@Jon_Stratis’s single point of contact is a very good way to go. To build upon it from the scouting match strategy side of things, my teams have often had a separate slack or discord channel where the scouts can discuss what to do in upcoming qualification matches. Once a consensus is reached, one person posts the scouting data and match strategy plan to a channel where the drive coach and the entire team can see. We often post it immediately after our match so the drive coach can see it right when he gets back to the pit.
I also wouldn’t expect to have real-time back and forth communication between the pits and the stands as there is truly too much going on in both locations to expect that. While the drive coach sometimes has questions about the strategy (ie ‘our third partner really wants to climb, do we trust them to do it?’), more often than not it’s just the initial message from the stands to the pits.
1745 has used the walkie-talkie app, Zello, to connect our Pit Lead, Scout Lead, Strategy Lead, and Drive Team (when outside THE ARENA per H303). this has worked really well to keep those groups coordinated and informed in real-time.
(for 2022 we tried to upgrade to dedicated walkie-talkies but event rule E109 explicitly bans walkie-talkies from being brought to the event, but not phones. )
Our approach seems to be an outlier compared to responses thus far:
- We don’t rotate students (or mentors) between the pit and scouting during an event. The students in the pit are often leads of their respective disciplines.
- We rely mostly on scouting data and scouting freeform comments for match strategy. If the drive team can’t tell if a teammate should be trusted to climb from the data and comments (along with input from the teammate), then we feel like that is a failure of our scouting process. If a scouter has a message that needs to be heard, that message needs to go into the comments.
- Our scouting information is available in the cloud and in the pit immediately after each round, so the drive team in the pit has the latest information as they plan match strategy.
- Each scouting record has the scouter’s name attached to it. If there is a question about the data or comments for a particular record, the drive team can call the scouter. If the scout is currently scouting, this contact may be delayed, but I don’t know a way around that. Unless the question is about something truly memorable, or maybe within a few matches, the scouter has been busy with other matches and other teams and doesn’t usually have much, if anything, to add beyond what they entered during the match.
- Scouts have an opportunity to participate in team evaluation Friday evening and playoff strategy discussions during Saturday lunch. If there are things they remember about certain teams they scouted, they are able to contribute to those discussions.
- We try to conduct an after-action review following events. Discussion of where scouting data was particularly helpful is a part of that. The intent is to reinforce to scouters that their contributions were used and valued.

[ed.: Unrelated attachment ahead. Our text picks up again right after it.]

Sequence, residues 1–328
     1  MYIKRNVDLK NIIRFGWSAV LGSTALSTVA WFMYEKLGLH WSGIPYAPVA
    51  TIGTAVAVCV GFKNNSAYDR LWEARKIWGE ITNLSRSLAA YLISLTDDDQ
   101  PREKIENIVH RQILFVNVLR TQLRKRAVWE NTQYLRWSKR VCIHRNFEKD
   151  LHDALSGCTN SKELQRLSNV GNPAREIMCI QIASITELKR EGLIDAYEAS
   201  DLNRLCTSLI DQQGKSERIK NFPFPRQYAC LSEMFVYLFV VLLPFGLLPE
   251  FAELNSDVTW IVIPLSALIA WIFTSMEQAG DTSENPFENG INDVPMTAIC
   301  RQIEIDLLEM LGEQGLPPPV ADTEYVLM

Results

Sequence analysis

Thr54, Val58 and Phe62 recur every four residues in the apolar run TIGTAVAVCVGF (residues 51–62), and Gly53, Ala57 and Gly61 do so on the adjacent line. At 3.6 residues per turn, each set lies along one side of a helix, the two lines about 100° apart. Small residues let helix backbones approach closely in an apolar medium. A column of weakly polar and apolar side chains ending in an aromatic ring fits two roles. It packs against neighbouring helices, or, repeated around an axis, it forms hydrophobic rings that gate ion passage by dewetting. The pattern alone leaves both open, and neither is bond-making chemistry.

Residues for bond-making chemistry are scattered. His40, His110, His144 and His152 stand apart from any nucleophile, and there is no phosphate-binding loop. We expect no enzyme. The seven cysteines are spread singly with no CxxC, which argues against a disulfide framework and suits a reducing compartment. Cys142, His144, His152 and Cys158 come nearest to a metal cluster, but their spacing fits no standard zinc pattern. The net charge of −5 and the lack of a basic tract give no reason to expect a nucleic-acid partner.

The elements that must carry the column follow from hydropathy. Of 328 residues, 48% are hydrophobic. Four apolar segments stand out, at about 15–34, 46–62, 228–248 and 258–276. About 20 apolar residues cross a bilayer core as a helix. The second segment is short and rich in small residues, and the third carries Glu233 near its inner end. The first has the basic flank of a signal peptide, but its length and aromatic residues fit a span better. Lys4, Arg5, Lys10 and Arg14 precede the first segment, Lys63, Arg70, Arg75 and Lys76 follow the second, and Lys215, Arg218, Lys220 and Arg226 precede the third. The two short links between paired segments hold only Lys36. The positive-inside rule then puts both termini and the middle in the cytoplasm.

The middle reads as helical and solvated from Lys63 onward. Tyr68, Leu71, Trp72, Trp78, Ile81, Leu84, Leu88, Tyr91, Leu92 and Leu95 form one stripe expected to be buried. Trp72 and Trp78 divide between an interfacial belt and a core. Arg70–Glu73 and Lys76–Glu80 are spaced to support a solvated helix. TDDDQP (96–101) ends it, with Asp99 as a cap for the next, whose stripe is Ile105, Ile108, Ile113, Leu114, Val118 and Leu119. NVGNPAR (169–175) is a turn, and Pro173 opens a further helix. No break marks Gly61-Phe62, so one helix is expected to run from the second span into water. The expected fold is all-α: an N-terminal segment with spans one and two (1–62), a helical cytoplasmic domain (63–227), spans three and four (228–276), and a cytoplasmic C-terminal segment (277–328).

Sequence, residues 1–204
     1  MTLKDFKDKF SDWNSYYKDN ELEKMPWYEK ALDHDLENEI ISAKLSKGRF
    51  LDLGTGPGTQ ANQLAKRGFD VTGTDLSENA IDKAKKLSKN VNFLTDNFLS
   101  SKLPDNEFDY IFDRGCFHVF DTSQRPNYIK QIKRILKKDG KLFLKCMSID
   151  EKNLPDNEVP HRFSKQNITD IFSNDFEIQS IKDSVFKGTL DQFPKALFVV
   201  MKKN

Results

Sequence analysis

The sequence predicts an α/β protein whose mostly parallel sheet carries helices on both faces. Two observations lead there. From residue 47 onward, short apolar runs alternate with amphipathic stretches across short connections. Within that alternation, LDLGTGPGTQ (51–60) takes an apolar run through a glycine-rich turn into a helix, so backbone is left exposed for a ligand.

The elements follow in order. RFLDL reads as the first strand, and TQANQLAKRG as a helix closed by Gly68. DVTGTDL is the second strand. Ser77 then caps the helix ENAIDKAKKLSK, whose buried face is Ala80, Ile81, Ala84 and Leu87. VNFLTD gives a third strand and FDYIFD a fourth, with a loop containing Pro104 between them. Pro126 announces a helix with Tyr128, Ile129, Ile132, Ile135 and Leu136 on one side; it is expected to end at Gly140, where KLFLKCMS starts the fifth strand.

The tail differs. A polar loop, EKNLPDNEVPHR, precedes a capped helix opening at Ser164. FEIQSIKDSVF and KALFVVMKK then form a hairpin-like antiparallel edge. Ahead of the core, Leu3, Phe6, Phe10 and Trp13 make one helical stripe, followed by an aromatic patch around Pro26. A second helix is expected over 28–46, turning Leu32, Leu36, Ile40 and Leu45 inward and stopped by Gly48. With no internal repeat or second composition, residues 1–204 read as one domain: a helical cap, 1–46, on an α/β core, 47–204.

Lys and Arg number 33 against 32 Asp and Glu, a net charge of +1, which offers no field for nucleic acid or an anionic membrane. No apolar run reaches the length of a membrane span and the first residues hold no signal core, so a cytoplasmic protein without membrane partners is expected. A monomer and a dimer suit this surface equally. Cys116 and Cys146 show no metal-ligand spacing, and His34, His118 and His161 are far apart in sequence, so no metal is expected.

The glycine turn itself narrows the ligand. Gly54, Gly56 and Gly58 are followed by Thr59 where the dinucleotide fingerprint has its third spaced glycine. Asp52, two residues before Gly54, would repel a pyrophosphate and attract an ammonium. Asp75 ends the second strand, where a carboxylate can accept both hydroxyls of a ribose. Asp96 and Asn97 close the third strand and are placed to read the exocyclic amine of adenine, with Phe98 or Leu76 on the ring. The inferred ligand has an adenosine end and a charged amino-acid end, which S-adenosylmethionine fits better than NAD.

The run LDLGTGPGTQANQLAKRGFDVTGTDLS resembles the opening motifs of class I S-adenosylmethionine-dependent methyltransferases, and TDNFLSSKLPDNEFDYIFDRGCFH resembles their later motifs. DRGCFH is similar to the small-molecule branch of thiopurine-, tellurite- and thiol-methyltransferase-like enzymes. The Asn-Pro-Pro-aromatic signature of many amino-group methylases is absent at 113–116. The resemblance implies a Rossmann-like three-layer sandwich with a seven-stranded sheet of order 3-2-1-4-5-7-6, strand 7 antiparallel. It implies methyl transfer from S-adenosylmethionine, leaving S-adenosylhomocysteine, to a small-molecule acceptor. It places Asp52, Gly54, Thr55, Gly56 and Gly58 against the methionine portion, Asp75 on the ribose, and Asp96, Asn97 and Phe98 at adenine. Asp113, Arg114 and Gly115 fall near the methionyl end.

Did you have any issues at places like SVSU where many communication channels seem to be delayed significantly? We experienced problems with reception (phones, text messages, etc. didn’t go through or were delayed significantly) both in the field area and in the pits.
Yes and it’s lightly traumatizing. We are honestly notably less fluid at MSC than we are anywhere else. I have no particular complaints about SVSU aside from lack of cellular data service, but for that reason alone I’ll be relieved if MSC ever moves venues that it may alleviate this problem. Alliance draft Friday evening compounds the stress as there’s more that needs to be communicated and no time to execute a roundup, and any draft prep we’d do Thursday evening is mostly just outlining priorities since it’s hard to make much of a list based off of three matches worth of data and mostly unknowns regarding final rankings.
That said, in that situation each work crew (drive, pit, strat) is generally able to do their job independently of each other, and we trust each other to make the best decision with whatever information is available and able to be communicated. We definitely do a lot more walking between work crews for verbal communication at MSC than anywhere else. Work crew assignments are stable and we don’t swap between pit/strat/drive, so everybody is pretty familiar with their responsibilities by MSC.
But yeah, MSC has been the site of our most frustrating lapses in communication two (maybe three?) seasons in a row now. It’s a topic we’ve identified to analyze and hopefully address before 2023.
461 has a group of scouters in that stands that generally stay there all event. We have a pit crew which usually includes the awards team for robot checks and talking to judges (typically this group stays in the pits). Our driveteam and strategy teams are the most mobile traveling between the stands and the pits.
Scouting team communicates the data to the strategy team who formulates a plan with the other drive teams. They then pass on this info to the drive team in the pit area before each match. The strategy team then heads back to the stands to watch matches and record our team specific footage for post match reflection with the drive team.
We use electronic scouting so data can be dumped via a flashdrive to the strategy tablets and slack helps keep everyone in the know if needed.
If there is something the scouting team wants the drive team to know, they’ll tell the strategy team or leave a comment on the scouting data.
I often forget to look at my phone at events when we’re getting pretty busy. I’ve found pretty cheap knockoff smart watches ( I think I paid $20 dollars for mine when I got it) do a good job at alerting me to information on the go.